"I felt the ship take a heavy jolt. Shortly afterwards the engines stopped. I hurriedly got out of my bunk, rushed outside – and got the shock of my life: the forward part of the ship was resting on top of large rocks! Huron had run aground."
I am the sole survivor of all the officers of the Executive Branch to have served continuously onboard the destroyer HMCS Huron during her second deployment to the Korean War.
Huron sailed from her homeport of Halifax, Nova Scotia for Sasebo, Japan, on the 23rd of April 1953, via the Panama Canal and across the Pacific, arriving there on June 18th. She departed the Korean theatre on the 6th of February 1954 to return to Halifax, via the Indian Ocean, Mediterranean and Atlantic, arriving home on March 17th.
Huron’s operational areas were in the Yellow Sea and in the Sea of Japan, off the East Coast of the Korean peninsula. In the former, she was engaged in screening Allied aircraft carriers: initially the British HMS Ocean, then the American USS Bairoko.
The nature of operations off the east coast of Korea was more varied: interdiction patrols, shore bombardments, train-busting and destroying floating mines.
On one occasion, in company with the American destroyer USS Irwin, we bombarded the North Korean coastal city of Songjin. Shore batteries returned fire at the two ships, obtaining a hit on Irwin’s bridge that caused some deaths and wounded. The ships hurriedly withdrew out of range, stopped, and Huron sent over her medical officer to tend to the wounded. Included among them was the captain in command of an American destroyer squadron, who thereby had earned the dubious distinction of becoming the highest ranking US Navy casualty of the Korean War.
Huron’s orders for the night of July 13/14 were to patrol the two-mile-wide strait separating the island of Yang-do from the coast of North Korea. Yang-do had been taken by the South Koreans early in the war and held against several attempts by the north to take it back. The island was valuable; used by the Americans as well as the South Koreans for intelligence-related operations. Thence the need to protect it against possible further night-time assault from the mainland.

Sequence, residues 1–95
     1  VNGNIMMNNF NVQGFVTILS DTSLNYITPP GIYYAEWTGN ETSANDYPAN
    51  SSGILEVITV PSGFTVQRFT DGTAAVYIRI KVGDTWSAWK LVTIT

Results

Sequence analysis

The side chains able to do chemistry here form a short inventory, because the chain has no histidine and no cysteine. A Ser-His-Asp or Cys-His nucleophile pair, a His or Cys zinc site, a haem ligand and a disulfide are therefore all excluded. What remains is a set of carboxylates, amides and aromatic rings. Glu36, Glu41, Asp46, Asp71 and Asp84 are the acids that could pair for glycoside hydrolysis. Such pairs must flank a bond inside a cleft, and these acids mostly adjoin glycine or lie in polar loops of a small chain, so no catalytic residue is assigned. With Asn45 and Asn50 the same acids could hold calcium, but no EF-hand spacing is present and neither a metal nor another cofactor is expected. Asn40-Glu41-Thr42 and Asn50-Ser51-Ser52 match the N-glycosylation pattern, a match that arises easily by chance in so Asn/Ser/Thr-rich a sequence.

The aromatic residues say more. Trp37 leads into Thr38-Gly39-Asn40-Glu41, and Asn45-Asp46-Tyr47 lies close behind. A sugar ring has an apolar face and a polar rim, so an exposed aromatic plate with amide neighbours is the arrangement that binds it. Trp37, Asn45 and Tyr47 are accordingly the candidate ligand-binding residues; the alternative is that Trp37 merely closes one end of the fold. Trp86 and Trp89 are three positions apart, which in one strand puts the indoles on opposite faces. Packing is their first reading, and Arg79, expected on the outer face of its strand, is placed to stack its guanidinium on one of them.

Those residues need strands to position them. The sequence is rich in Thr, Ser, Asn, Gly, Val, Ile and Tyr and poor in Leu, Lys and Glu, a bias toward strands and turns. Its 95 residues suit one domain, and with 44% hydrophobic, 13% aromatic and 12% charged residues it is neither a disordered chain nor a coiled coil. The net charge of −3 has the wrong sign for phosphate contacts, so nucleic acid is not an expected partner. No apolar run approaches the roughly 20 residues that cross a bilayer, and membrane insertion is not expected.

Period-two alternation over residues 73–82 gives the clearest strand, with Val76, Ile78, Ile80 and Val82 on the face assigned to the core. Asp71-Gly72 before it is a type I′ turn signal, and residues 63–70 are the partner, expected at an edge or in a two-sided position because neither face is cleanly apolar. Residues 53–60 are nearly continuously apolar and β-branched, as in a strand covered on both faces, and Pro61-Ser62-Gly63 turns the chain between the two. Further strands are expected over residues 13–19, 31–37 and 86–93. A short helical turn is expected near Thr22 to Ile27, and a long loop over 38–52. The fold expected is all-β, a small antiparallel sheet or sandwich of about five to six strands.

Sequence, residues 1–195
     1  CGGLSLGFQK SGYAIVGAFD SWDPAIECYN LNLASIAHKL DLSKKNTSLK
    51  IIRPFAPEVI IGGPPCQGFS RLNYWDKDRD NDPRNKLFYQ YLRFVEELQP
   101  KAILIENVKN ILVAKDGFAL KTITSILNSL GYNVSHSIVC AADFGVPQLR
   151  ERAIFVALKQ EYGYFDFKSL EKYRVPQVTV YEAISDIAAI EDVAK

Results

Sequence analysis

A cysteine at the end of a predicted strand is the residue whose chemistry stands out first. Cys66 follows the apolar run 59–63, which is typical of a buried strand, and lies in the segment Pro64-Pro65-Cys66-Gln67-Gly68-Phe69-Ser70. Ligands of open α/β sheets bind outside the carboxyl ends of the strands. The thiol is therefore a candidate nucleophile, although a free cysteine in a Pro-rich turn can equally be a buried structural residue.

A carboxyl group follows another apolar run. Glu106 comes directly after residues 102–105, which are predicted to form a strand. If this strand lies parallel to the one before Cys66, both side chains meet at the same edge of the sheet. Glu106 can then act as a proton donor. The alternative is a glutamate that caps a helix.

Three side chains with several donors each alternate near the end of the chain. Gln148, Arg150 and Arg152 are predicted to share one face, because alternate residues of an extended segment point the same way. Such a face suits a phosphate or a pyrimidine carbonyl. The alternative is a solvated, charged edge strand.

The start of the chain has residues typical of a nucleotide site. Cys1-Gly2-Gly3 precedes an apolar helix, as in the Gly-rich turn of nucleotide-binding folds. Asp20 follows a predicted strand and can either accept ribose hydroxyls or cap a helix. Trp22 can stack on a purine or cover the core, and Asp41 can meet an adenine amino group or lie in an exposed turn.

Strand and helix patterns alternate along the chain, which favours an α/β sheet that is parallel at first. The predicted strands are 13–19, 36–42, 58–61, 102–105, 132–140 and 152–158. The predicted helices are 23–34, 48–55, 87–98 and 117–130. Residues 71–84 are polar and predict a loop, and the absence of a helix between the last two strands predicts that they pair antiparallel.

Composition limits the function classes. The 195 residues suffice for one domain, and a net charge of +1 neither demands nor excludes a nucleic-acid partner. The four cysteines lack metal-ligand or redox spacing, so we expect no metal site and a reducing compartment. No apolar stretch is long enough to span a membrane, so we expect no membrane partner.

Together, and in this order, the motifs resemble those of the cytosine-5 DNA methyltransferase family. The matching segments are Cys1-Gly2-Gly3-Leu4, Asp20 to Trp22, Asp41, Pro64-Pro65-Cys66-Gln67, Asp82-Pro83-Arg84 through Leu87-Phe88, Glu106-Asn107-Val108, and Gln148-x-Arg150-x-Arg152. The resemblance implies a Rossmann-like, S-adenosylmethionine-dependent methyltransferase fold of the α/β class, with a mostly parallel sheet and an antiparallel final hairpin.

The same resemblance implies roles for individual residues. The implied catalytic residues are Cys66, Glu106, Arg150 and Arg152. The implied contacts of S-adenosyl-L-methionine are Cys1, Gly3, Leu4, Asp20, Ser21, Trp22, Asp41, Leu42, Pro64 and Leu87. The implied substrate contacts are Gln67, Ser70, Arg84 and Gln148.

The patrol, in the form of an endless figure 8, was carried out at 12 knots. I was on watch during the First Watch (from 8pm to midnight), and noted that in addition to darkness, visibility became intermittent due to increasingly frequent patches of mist. The ship was being navigated by the Second Officer of the Watch, stationed in the Operations Room where he was plotting the course and fixing the position of the ship by radar every ten minutes or so, a process known as blind pilotage.
Upon being relieved by the officer coming to stand the Middle Watch (midnight to 4pm) I lingered for some twenty minutes on the bridge before heading below to my cabin. On my way down through the Operations Room, I noted that the Middle Watch officer supposedly doing blind pilotage had neglected to fix the ship’s position since taking over the watch some twenty-five minutes before. When I urged him to attend to the ship’s navigation, all I got was an expletive.
A few minutes after turning in for the night about a quarter of an hour later, I felt the ship take a heavy jolt. Shortly afterwards the engines stopped. I hurriedly got out of my bunk, rushed outside – and got the shock of my life: the forward part of the ship was resting on top of large rocks! Huron had run aground on what I later learned was the western-most tip of Yang-do Island – the end nearest to the enemy-held mainland.
How Huron eventually extricated herself from her rocky perch is a long story, and likely one of interest only to professional mariners. Suffice to say, she managed to regain the water under her own power – and by the grace of God. Once free, Huron was towed, stern-first, to Sasebo by the US Navy fleet tug USS Cocopa, where she underwent repairs in the SSK Shipyard.
It wasn’t until October that Huron sailed again – with four new officers, including a new captain.